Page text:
5 Golden Rules For Launching A Conversion Optimization Test
When it comes to conversion optimization there are many rules, techniques and AB test checklists you should follow. The hardest part in CRO is deciding what to test – finding the leaks in the funnel, coming up with hypotheses, prioritizing tests and getting the team on board. Miss out on one of these steps and all the time you’ve spent in launching your tests will go to waste.
Finding the leaks – When is it comes to identifying the pain points in the funnel, Google Analytics is the first place you can turn to. There are many metrics to follow that will give you a clearer picture of your results: The top landing pages on the site for example, are important as we want our tests to impact the bottom line results, sessions count too for understanding the traffic coming through your site, traffic sources, exit pages (which pages are being abandoned the most by your visitors), your conversion rate of course, new vs. returning visitors, demographic reports and more. Don’t forget to use heatmaps to get an even better understanding of your visitors’ behavior.
Prioritizing tests – You’ve found the leaks, now you need to determine what would be the best place to start. Time, resources and impact are 3 main parts of our checklist before deciding what to test. How much time will it take to get validity, how many resources in terms of the team and money spent will we need and most importantly – how much impact will testing this part of the funnel have on the end results.
Coming up with Hypotheses – once you’ve located the leak and decided where you want to test, you have to come up with strategies and hypotheses for optimization. It’s not enough to just change a call to action a button, you have to dive deeper into emotional triggers – your customer’s emotional needs and goals. Get some testing ideas from our latest post: 4 meaningful AB test ideas. Remember that conversion optimization is all learning and gaining greater insights about your customers – this knowledge can then help you create a better customer jounrey and grow your business.
Getting the team on board – Probably the most important part of CRO before launching a test is getting all the team on the same page. For many team members CRO is often times perceived as a distraction, something that’s getting in the way of “important” work so spend a lot of time explaining the importance of CRO to your team and demonstrating how it can help each individual do their job better. After getting your team on board with CRO in general, you then need to explain your findings, hypotheses and make sure that the team is aligned with your expectations.
The, once you’ve done all these and set up the test, it’s time to follow these 5 golden rules for launching a conversion optimization test:
- Traffic Distribution Google has a tendency of remembering pages that already exist and favoring them. To make sure your test isn’t contaminated with old data give all landing pages a new link. This happens on various platforms, once Google sees that one page has had more traffic than the other and more results it favors it. Another option while setting up the test is to distribute the traffic evenly across all variations and that way certain pages won’t be “favored”.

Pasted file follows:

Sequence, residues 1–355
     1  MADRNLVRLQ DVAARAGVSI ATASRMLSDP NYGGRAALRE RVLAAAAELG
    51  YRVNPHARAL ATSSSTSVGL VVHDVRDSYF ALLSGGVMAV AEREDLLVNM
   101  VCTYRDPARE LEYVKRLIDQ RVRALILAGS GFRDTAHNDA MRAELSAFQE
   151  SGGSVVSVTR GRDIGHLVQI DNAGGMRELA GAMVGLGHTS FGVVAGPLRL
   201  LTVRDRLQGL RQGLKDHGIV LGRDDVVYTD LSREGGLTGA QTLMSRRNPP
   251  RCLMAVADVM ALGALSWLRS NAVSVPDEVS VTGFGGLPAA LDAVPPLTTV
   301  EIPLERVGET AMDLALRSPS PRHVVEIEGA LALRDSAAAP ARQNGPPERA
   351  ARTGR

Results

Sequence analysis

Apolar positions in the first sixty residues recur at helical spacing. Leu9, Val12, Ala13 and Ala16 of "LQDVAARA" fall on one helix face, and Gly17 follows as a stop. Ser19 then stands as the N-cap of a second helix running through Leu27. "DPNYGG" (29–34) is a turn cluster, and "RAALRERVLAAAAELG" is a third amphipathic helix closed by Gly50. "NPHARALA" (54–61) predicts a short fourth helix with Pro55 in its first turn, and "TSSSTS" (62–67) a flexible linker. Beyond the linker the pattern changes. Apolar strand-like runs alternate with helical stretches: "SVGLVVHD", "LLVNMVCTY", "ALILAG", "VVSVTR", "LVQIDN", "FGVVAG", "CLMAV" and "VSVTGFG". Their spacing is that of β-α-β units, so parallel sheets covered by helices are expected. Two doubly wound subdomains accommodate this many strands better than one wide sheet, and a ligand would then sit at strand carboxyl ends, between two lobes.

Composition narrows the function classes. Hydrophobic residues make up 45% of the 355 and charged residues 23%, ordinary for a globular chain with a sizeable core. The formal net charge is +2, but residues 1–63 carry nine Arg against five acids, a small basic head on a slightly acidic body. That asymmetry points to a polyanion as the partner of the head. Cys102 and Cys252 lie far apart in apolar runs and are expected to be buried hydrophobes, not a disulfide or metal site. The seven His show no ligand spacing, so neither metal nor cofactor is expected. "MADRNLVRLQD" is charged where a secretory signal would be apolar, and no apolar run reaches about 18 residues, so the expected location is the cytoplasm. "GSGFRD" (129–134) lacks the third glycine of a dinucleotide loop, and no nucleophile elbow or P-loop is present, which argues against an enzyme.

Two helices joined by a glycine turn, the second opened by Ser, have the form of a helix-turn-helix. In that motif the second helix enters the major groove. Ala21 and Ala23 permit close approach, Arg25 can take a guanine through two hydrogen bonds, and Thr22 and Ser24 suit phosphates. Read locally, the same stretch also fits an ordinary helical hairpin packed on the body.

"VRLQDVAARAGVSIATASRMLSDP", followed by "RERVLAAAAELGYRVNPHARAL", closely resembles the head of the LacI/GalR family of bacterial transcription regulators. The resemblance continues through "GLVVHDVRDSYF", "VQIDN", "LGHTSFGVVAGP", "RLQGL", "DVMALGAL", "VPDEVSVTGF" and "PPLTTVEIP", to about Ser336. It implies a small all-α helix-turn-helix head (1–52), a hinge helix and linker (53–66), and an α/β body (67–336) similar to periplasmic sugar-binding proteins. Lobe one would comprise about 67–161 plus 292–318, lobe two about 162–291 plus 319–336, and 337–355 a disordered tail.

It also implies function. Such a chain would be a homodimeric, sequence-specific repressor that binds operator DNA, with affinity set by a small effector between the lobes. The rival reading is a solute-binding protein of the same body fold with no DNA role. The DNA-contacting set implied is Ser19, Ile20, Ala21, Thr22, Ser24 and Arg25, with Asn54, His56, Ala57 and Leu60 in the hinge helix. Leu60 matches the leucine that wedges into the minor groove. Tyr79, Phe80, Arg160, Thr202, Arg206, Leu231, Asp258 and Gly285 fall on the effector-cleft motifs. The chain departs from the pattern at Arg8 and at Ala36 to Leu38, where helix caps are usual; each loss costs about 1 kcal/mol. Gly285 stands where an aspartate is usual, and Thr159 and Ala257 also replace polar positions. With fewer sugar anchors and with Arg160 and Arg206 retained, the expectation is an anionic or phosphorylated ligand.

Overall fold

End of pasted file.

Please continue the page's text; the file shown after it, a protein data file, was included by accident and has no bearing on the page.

- QA – Don’t just start the test. This may seem obvious to some but I’ve seen dozens of tests go wrong just because the footer was misplaced, or the errors won’t showing up correctly. Don’t forget to check for:
- Browser compatibility – Check on all browsers (don’t forget to clean cache and also QA from incognito).
- Errors – See what happens when someone enters the wrong data in a form. Make sure you know exactly what happens to users every step of the way
- Mobile compatibility – Very important issue, mobile traffic is on the rise and you HAVE to have an answer for mobile traffic. Check out these amazing mobile stats and get 9 essentials tips for improving your mobile pages.
- Time – It takes time for a test to be conclusive; you’ll be surprised to see the difference in the results from hour to hour. Give the test at least 4-5 days to run to see conclusive results (depending on the amount of traffic). You’ll be surprised to see the difference in the results from hour to hour.
- Set Goals- What would you like to test? Make sure to set your goals correctly before you start testing. It is important to have 1 clear target for the test and keep to it. It’s also best to start at the top part of the funnel and make your way down, meaning don’t be tempted to jump straight to the payment process for example, start with the signups, this way you can be sure you are building a successful funnel. Be sure to set the goals on Google Analytics.
- Loading time – As I’ve written in several posts, the amount of data we’re exposed to on a daily basis as users is HUGE. We have no time, gone are the days when we clicked on a link and waited for a site to load, we want everything NOW and if your site takes longer than 5 seconds to load, you will lose 25% of your traffic. A few tips to fix your site’s speed. Most important one: “The ‘Distribution‘ report is tucked away behind a tab in the ‘Page Timings’ report. The distribution report is very useful, as you can see ‘% of pages loaded in less than X seconds’.”
We’d love to hear from you, do you have any golden rules and tips before launching a conversion test?